“All parties are directed to limit the obligation of further costs for the Purple Line project to those of agreed necessity,” he said in a statement.
The slowdown — the Maryland Department of Transportation described it as a “suspension of key elements” — comes during a time of uncertainty for the light-rail project, which has been planned in some form since the late 1980s.
Rahn made the announcement one day after the Maryland Attorney General’s Office said it would appeal a May 22 ruling in a 2014 lawsuit opposing the project. The court order requires the state to redo the line’s ridership forecasts to reflect Metro’s decline. The Purple Line would be operated separately from Metro, but about 27 percent of the light-rail line’s passengers are expected to be people transferring to and from the subway.
In a mid-May filing seeking a speedy decision in the lawsuit, Rahn warned that the state would have to suspend Purple Line work starting Thursday unless it had a “foreseeable path” to $900 million in federal grant money. The state won’t be eligible for that money until the project’s environmental approval is restored as part of the lawsuit appeal.
As of Thursday, he wrote, Maryland would “no longer have sufficient cash flow” to keep the project moving in anticipation of being reimbursed with federal aid. The entire project could be canceled about 60 days after a suspension of “ongoing project activities,” Rahn told the court.
It was unclear whether this suspension was enough to start a 60-day clock or what money the state will use to continue ongoing Purple Line work. Rahn’s statement also didn’t expand on a mention that “further steps should be anticipated as more information is available.”
A spokesman for the Maryland Department of Transportation said Rahn was traveling and unavailable for interviews.
In the statement Wednesday, Rahn said U.S. District Judge Richard J. Leon’s final ruling in the lawsuit Tuesday — the judge dismissed two of the three major environmental claims — had given the state a “legal path forward” because it can now appeal the ridership issue.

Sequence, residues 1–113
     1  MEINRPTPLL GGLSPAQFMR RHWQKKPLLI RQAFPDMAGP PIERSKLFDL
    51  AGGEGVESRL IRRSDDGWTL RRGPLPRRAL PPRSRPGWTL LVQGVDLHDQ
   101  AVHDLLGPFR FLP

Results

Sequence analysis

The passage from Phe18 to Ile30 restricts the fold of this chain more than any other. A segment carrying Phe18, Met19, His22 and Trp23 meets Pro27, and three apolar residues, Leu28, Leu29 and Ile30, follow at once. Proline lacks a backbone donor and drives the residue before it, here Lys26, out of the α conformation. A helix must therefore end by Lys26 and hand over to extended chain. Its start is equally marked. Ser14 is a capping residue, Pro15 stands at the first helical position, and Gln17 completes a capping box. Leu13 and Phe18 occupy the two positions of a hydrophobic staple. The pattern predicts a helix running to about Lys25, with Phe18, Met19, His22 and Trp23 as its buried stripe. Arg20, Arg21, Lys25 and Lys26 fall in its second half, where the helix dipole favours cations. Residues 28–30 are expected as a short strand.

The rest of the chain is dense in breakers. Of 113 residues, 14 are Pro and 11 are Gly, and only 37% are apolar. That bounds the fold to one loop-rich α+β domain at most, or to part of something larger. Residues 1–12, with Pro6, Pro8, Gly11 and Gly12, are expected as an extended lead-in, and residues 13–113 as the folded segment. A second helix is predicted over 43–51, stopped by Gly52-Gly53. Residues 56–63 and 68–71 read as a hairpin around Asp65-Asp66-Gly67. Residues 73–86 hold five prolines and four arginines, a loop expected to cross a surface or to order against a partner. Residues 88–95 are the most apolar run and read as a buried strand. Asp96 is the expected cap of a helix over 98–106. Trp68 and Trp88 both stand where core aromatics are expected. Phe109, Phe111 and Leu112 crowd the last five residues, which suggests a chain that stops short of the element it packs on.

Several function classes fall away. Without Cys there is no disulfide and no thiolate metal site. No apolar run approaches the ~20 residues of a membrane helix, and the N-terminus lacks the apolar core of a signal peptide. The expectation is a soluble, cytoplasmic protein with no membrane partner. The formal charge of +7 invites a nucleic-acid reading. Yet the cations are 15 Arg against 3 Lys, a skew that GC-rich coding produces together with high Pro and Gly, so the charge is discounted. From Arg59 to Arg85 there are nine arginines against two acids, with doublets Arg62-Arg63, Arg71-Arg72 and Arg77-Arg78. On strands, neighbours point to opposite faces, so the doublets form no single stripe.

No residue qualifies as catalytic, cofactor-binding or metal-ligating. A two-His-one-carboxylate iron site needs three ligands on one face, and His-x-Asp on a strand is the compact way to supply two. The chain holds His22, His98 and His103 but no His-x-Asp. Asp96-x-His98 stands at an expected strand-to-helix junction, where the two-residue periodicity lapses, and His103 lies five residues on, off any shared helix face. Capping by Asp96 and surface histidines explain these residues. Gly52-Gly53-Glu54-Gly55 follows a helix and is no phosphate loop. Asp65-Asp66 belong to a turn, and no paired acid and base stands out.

“MDOT’s and the Purple Line’s situation has changed from the unknown circumstances of just two weeks ago,” Rahn wrote. “With an unknown timeline for an appeal and dwindling available cash to carry the federal reimbursable costs being expended by MDOT, and to protect the taxpayers of Maryland, I am ordering that action be taken immediately.”
Miti Figueredo, a spokeswoman for Purple Line Transit Partners, said about 700 people, both in the contractor’s Riverdale office and employed by subcontractors throughout the country, are working on the final design and pre-construction activities, such as soil borings and surveying.
“We will keep reviewing our activities as we move forward to identify other areas where we can allow work to continue while minimizing costs,” Figueredo said.
The Purple Line, which is estimated to cost more than $2 billion to build, is designed to link inner Washington suburbs with spokes of the Metro system and attract development around 21 light-rail stations, particularly in economically struggling areas of Prince George’s.
Congress has appropriated $325 million toward the Purple Line, but Maryland can’t access that money until a court reinstates the project’s federal environmental approval. The Trump administration also is continuing to consider the project for the $900 million in construction aid even though the project remains stalled in the legal battle.
Supporters of the light-rail project have said they’re concerned that any pullback would slow momentum and make it more difficult and expensive to get the project back up to speed, assuming the state wins the lawsuit on appeal.
Montgomery County Council member George L. Leventhal (D-At Large), a longtime Purple Line supporter, said he was reassured that the state was continuing the project even if it needs to curtail spending until the lawsuit is resolved.
“I’m very concerned” about a slowdown, Leventhal said, “but I’m glad it’s out of Judge Leon’s courtroom, and I hope an appeal can be adjudicated quickly.”
David Lublin, a former mayor of the town of Chevy Chase who once opposed the Purple Line as being too expensive, said he believes the state will win the lawsuit on appeal. Even so, he said he questioned Maryland officials’ “dramatic” statements that the state would lose $800 million in sunk costs and contract termination fees if the project is canceled. Why, he asked, did state officials sign a $5.6 billion, 36-year contract on a rail project that had a pending lawsuit and no federal funding in hand?
“The state seems to have arranged it to make it politically impossible to cancel or delay it,” said Lublin, a local blogger and political science professor at American University. “Would you want to be the governor who has to explain ‘We spent $800 million and got nothing?’”